A Survey of Commercial Sausage Additives

A pack of bologna, with ingredients listReading the ingredients list of an industrially-produced sausage can be daunting.  We’ve been trained to mistrust “scientific sounding” ingredients, and there are ongoing discussions about the health risks associated with many common additives.  I don’t wade into that debate too much in this post, partly because I know so little about it, but also because there are few reliable studies on the subject.  The fields of nutrition and health are so tied up with industry that it’s hard to know what to believe.  I’ll leave it for you to decide what ingredients are okay and which are not.  In this post I simply describe the role the additive plays in the sausage-making process.  Interestingly, most them are used to accelerate the mixing and curing phases and increase production.  They are therefore useless in a leisurely home setting.  That’s the best part about making sausages at home: you decide what goes in them.

I define “additive” as any ingredient added to the sausage besides meat and fat.  Most of the following info, and all the bits in quotation marks, are from Processed Meats.[1]

Water and Ice.  Unlike with commercial bacon and hams, which are injected with water to increase yields, water is an integral part of sausage-making and is usually the first ingredient listed after the meat.  Water and ice cool the meat, counteracting any frictional heat that develops during mixing and allowing the meat to be mixed longer and develop more texture.  Water also helps dissolve salt, “imparts fluidity to the emulsion”, and improves the mouthfeel of the final sausage by adding moisture.

Salt (ie. table salt, sodium chloride) is the most important additive.  Actually it is indispensable.  It prevents microbial growth, “aids in solubilizing myosin-type proteins”, “increases water-holding capacity”, and of course makes for better flavour.

Curing Salts (sodium nitrite, sodium nitrate, potassium nitrate, and others) perform several functions in sausage-making.  For instance:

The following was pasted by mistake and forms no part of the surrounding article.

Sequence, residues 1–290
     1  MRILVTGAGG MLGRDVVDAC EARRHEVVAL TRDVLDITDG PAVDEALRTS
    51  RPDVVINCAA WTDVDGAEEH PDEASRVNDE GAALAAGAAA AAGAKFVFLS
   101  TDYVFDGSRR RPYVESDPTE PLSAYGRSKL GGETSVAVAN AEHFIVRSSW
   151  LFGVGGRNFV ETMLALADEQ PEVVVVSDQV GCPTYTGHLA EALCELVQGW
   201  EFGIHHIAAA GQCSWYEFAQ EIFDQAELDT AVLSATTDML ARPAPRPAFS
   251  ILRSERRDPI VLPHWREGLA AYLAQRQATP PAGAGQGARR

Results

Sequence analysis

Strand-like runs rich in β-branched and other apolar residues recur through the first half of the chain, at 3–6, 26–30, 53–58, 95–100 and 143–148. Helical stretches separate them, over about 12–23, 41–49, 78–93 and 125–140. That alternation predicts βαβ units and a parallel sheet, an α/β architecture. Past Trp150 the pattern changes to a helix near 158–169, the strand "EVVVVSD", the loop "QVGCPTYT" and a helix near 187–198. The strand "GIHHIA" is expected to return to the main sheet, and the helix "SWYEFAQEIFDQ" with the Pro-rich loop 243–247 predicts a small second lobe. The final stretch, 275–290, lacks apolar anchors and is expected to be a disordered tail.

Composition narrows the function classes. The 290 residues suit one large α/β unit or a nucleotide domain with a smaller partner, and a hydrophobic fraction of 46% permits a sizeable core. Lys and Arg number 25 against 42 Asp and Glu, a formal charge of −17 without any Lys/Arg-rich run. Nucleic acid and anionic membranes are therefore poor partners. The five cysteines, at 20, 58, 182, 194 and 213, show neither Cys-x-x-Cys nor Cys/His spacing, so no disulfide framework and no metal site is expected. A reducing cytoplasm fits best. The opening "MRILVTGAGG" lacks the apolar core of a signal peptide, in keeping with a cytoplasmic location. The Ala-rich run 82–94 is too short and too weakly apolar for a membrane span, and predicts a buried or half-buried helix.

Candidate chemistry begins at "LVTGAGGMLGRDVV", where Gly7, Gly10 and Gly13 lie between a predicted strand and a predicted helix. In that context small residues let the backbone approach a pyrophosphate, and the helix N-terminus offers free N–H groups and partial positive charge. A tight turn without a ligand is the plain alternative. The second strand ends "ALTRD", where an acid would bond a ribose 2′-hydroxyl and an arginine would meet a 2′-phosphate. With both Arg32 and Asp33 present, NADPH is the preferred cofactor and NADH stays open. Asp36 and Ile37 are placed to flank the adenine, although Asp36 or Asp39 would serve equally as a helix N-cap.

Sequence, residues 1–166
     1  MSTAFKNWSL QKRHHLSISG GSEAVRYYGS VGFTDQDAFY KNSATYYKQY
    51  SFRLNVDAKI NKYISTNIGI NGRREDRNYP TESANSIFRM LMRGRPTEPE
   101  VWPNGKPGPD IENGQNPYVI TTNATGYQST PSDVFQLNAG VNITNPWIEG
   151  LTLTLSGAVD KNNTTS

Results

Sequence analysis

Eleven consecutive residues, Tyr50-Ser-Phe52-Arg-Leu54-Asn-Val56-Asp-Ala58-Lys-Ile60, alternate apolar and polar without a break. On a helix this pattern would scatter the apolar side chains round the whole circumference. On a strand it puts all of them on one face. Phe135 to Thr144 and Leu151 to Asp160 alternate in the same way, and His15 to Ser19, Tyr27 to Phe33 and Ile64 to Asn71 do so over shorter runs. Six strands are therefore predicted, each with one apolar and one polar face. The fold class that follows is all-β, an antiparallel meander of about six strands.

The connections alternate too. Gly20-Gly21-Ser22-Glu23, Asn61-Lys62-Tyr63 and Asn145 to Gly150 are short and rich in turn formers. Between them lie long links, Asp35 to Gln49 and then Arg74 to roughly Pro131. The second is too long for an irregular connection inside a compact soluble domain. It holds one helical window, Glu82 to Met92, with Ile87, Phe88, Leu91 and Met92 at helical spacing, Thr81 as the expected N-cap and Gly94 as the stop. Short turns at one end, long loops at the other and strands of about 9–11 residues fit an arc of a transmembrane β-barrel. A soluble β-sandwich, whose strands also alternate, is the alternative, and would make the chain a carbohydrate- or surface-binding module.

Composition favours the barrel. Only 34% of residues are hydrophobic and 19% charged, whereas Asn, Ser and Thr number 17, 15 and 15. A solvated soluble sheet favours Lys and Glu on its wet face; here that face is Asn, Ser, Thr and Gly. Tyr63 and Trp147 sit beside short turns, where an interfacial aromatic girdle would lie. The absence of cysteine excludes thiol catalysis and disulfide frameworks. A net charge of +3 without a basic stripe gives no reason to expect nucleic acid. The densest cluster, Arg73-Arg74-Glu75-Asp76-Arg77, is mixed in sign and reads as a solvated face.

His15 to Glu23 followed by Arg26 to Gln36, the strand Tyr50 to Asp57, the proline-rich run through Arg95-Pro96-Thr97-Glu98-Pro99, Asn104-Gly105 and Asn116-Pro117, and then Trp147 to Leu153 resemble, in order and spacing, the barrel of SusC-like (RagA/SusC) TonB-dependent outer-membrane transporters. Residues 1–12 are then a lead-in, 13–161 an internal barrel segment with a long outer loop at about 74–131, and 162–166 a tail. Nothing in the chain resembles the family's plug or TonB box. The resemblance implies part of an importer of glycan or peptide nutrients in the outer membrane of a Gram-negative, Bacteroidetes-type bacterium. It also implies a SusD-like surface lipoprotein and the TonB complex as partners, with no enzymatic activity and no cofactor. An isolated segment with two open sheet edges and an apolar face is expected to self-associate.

• They form nitric oxide, which interacts with myoglobin to develop the rosy pink colour we expect in cured meats.
  • The nitric oxide also prevents fat rancidity by binding to iron atoms, which otherwise would oxidize the fat.
  • Curings salts give the meat a distinct, piquant flavour.
  • They also prevent the growth of pathogenic microbes.

Curings salts are much maligned in the media.  When nitrite interacts with amino acids in the meat, nitrosamines form.  These are known carcinogens.  However, curing salts are absolutely essential for traditional air-dried sausage like salami, preventing the growth of deadly botulism bacteria.  I use sodium nitrite in many of the sausages I make at home, and all of the sausages I make at work.  For more on curing salts and their role in charcuterie, see this post.

Ascorbates and Erythorbates.  Ascorbates and isoascorbates (also known as erythorbates) are “closely related” and used interchangeably.  They are “active reducing agents [that] react with nitrite increasing the yield of nitric oxide”.  They “ensure development of desired color in cured meats” and “speed up the curing reaction and prevent formation of secondary N-nitrosamines”.

Sugar (common forms including sucrose, dextrose, and corn syrup) is added chiefly for flavour.  In the case of fermented sausages like salami, it is added to feed lactobacteria, which convert the sugar to lactic acid and give the final sausage its characteristic tanginess.

Phosphates.  There are two types of phosphates used in processed meats: acid and alkaline. Sodium acid pyrophosphate is a cure accelerator.  It “accelerates [the] development of cured color in rapid processing of bacon, frankfurters, or bologna by lowering the pH rapidly by about 0.2-0.3 units during initial stages of the operation”.  Alkaline phosphates (the most common examples being sodium tripolyphosphate, sodium hexametaphosphate, and tetrasodium pyrophosphate) “increase water-binding capacity [by] acting as polyelectrolytes to increase ionic strength”.  “This frees some of the negatively charged sites on the proteins so they can bind more water”.  Alkaline phosphates also “increase fat emulsifying capacity of the myofibrillar proteins” by “solubilizing and dissociating actomyosin into actin and myosin, which in their dissociated forms can emulsify more fat”.

Glucono-δ-Lactone (that middle character is a lower-case Greek delta, so this additive is often called GDL) is also a “cure accelerator [that] speeds up development of cured meat color”.  It “will reduce the pH of the batter by about 0.2-0.3 units, which accelerates the conversion of the meat pigments to their desirable forms.  It is valuable during rapid processing.”

Acid Sprays are used prior to smoking meat, which makes me think that it improves smoke adherence, though I’ve never come across this explanation in the literature.  An acid spray reduces the surface pH and “either coagulates proteins at the surface or permits coagulation at a lower temperature”, which “helps development of surface color”.